According to the Spanish Supreme Court, this transparency control is intended for the adherent to know with simplicity both the economic burden that the contract actually entails, that is, the capital sacrifice made in exchange for the economic benefit he wants to obtain, as well as the legal burden thereof, that is, the clear definition of its legal position both regarding the typical elements of the contract and the allocation of risks it involves.

General terms and conditions that deal with essential elements of the contract are required to provide additional information that allow consumers to adopt their decision to contract with full knowledge of the economic and legal burden that the contract will entail, without requiring to conduct a thorough and detailed analysis of the contract.

This analysis aims at excluding any element that could aggravate the economic burden that the consumer perceived the contract involved through contract terms whose legal or economic significance went unnoticed by the consumer because it was given inappropriate secondary treatment and the consumer was not provided with clear and adequate information on the legal and economic consequences of that clause.

Regarding the possibility of knowing the clause at the time of the delivery of the binding offer, the court highlighted that this document was not even signed, and in any case, from its simple reading, it could not be interpreted that there was a limitation to the variability of the interest rate.

Regarding the public deed, the court held that simple grammatical clarity –formal transparency – was not enough. Without taking into account that the contract did not contain more information about the fact that the floor clause was a defining element of the contract (it affected the price of the loan), the clause was masked among other information related to the variability of the interest rate, there were no simulations of possible scenarios, nor had the defendant clearly and understandably warned about the comparative cost with other alternative products offered by him.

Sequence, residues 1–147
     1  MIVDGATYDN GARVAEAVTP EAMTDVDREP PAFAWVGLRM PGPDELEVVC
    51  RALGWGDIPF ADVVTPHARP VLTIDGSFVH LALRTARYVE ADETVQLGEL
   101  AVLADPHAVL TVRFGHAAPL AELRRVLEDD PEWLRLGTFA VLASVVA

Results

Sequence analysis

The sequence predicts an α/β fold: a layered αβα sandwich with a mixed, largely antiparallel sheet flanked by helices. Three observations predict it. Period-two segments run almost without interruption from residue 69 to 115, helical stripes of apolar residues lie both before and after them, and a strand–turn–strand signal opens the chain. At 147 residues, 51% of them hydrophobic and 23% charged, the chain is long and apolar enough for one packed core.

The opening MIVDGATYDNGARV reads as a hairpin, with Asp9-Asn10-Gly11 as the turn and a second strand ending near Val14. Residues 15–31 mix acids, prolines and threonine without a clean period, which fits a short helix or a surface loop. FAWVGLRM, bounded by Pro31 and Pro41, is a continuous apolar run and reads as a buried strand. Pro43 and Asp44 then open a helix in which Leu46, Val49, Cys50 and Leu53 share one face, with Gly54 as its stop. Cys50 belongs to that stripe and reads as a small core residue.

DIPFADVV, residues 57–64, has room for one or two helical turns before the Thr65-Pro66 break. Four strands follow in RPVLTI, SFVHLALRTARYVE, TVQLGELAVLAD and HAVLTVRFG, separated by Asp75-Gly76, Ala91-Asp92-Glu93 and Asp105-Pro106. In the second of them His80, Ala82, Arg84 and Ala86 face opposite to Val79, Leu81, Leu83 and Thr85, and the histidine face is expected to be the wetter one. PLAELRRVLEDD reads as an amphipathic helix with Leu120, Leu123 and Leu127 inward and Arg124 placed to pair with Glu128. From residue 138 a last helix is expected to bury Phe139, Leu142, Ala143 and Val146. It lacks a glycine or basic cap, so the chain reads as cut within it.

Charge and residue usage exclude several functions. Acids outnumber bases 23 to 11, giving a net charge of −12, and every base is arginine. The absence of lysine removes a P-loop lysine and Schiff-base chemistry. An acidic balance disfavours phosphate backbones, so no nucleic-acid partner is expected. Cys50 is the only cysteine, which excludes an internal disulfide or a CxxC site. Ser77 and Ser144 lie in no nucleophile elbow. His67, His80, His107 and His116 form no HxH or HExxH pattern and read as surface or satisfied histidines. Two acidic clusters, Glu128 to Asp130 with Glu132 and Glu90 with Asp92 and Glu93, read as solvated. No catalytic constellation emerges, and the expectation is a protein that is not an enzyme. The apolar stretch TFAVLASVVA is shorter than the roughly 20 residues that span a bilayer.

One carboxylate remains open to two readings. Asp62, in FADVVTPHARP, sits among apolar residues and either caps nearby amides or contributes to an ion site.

The court further explained that, in this case, the contract design resulted in that a variation of the reference index could only benefit the bank, because although the Euribor index fell significantly, the borrower could hardly benefit from such decrease, whereas if the Euribor index increased, the consumer would be hurt by such a rise. Further, the court established that the floor clause itself was a simple subsection within an extensive and cumbersome section referring to the interests of the loan, in a loan that is offered, prima facie, as a variable interest loan, with a reference to an official index (Euribor). The court considered that that paragraph of just a few lines completely modified the economy of the contract.

As a result, the court reversed the appellate court’s decision and upheld the first instance’s court decision.

Elements of judicial dialogue

Vertical dialogue type
  • Direct dialogue between CJEU/ECtHR and National court (out of preliminary reference procedure)
  • Dialogue between high court - lower instance court at national level
Cited CJEU
  • CJEU C-92/11, Vertrieb
  • CJEU C-26/13, Kasler
  • CJEU C-143/13, Matei
  • CJEU C-96/14, Van Hove
Dialogue techniques

Conform interpretation with EU law as interpreted by the CJEU.

Case author

Research Assistant Sébastien Fassiaux, Universitat Pompeu Fabra, Barcelona

Published by Chiara Patera on 26 March 2020